Why choose a practical nurse program? You're considering a career in healthcare. You want to help people in a medical setting, and are looking to jump into the workforce sooner rather than later. Luckily, there are plenty of options when it comes to working in the medical field. Nursing is one of the most in-demand career categories in healthcare. That said, "nursing" isn't just one job. Before making a decision, check out the advantages to getting a practical nurse diploma. Even though each type and level of nursing career has its advantages, a job as an LPN (licensed practical nurse) has plenty of pros.
Quick Turnaround Time
Licensed practical nurses need to learn the ins and outs of their trade. With that in mind, obviously you'll need to attend and complete an educational program. Becoming an LPN is a fairly quick educational bath – especially in comparison to bachelor's level registered nurse (RN) programs. Most practical nursing programs take as little as one year to complete. This means that you'll spend less time in school than you would for other types of nursing (and some other types of healthcare jobs). Not only will you finish school quickly, but you'll get into the workforce sooner. That means starting your career, and making a paycheck, in less time.
LPN jobs are on the rise. The expected growth outlook shows a projected 16 percent growth change between 2014 and 2024, according to the U.S. Bureau of Labor Statistics (BLS). This is considered much faster than average. How many new jobs does this translate into? The BLS notes that this field is expected to grow by 117,300 jobs.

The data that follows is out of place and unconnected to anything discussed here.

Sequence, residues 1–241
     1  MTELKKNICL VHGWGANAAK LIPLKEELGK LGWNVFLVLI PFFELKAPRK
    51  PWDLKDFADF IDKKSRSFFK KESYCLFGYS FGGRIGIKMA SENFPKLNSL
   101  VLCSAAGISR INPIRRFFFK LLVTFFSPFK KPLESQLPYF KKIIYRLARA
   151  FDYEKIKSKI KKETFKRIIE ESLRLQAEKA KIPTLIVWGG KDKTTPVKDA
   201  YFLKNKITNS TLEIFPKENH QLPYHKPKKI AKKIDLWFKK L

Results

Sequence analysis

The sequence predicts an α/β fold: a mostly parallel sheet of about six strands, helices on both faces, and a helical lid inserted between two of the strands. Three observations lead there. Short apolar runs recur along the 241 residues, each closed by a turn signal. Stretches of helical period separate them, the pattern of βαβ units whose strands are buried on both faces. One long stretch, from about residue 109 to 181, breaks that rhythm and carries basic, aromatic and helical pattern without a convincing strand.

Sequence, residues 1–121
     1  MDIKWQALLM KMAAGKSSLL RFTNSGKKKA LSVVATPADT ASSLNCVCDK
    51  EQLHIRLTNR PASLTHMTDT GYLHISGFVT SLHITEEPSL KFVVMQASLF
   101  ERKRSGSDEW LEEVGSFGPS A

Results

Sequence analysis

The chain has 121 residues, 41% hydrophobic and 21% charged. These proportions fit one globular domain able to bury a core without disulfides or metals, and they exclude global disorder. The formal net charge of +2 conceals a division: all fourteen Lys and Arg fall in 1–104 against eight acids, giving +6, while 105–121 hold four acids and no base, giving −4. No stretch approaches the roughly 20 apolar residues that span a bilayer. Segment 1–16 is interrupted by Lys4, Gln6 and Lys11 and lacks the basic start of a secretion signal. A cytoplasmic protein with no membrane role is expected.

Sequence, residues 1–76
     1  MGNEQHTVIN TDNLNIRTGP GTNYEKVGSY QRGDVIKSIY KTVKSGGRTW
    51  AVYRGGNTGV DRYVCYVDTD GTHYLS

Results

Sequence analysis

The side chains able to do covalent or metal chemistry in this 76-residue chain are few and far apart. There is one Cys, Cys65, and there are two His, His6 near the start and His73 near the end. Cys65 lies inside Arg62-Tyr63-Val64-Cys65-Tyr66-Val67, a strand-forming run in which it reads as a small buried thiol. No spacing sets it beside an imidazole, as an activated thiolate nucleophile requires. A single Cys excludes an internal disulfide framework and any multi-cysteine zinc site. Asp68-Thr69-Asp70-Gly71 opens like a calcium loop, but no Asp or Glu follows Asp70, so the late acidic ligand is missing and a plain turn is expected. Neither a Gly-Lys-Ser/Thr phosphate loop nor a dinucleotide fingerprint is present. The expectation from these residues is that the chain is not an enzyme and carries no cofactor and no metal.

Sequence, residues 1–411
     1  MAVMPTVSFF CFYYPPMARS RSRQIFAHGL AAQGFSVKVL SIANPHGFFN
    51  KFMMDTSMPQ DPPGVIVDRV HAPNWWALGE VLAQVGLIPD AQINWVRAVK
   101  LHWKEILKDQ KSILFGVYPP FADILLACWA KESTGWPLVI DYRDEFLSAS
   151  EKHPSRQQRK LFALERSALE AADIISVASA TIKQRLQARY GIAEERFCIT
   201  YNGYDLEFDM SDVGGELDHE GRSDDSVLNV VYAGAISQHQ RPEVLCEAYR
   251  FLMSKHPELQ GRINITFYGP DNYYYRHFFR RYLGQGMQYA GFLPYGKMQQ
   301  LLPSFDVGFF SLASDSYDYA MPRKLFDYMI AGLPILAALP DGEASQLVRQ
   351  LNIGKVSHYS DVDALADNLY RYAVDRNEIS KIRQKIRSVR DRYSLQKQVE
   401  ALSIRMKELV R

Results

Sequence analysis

Even though LPNs typically don't make the same salary as RNs, they do earn a more than livable wage. The median yearly pay for a licensed practical nurse is $43,170, according to the BLS. Keep in mind, this is an average across all of the states and all of the different experience levels. Am LPN who has been working for a few decades will make more than a nurse who is just starting out. There are also some cities and states where you can expect a higher pay.
An Array of Options
There isn't only one place where an LPN can work. LPNs work in hospitals, doctor's offices, community clinics, nursing homes, psychiatric hospitals and other healthcare settings. These professionals also work with a variety of different populations. These include children, the elderly, pregnant women and other patients who are in need of care. Along with where and who you work with, you may also have your pick when it comes to when you work. If you choose to work in a hospital (or another 24-7 healthcare setting), you can work during the day or overnights.
A practical nursing program is the first step in your LPN career. If you're looking for a healthcare job that's in a high-demand field, this may be the ideal career for you. Check out places like PiBerry Institute for more information.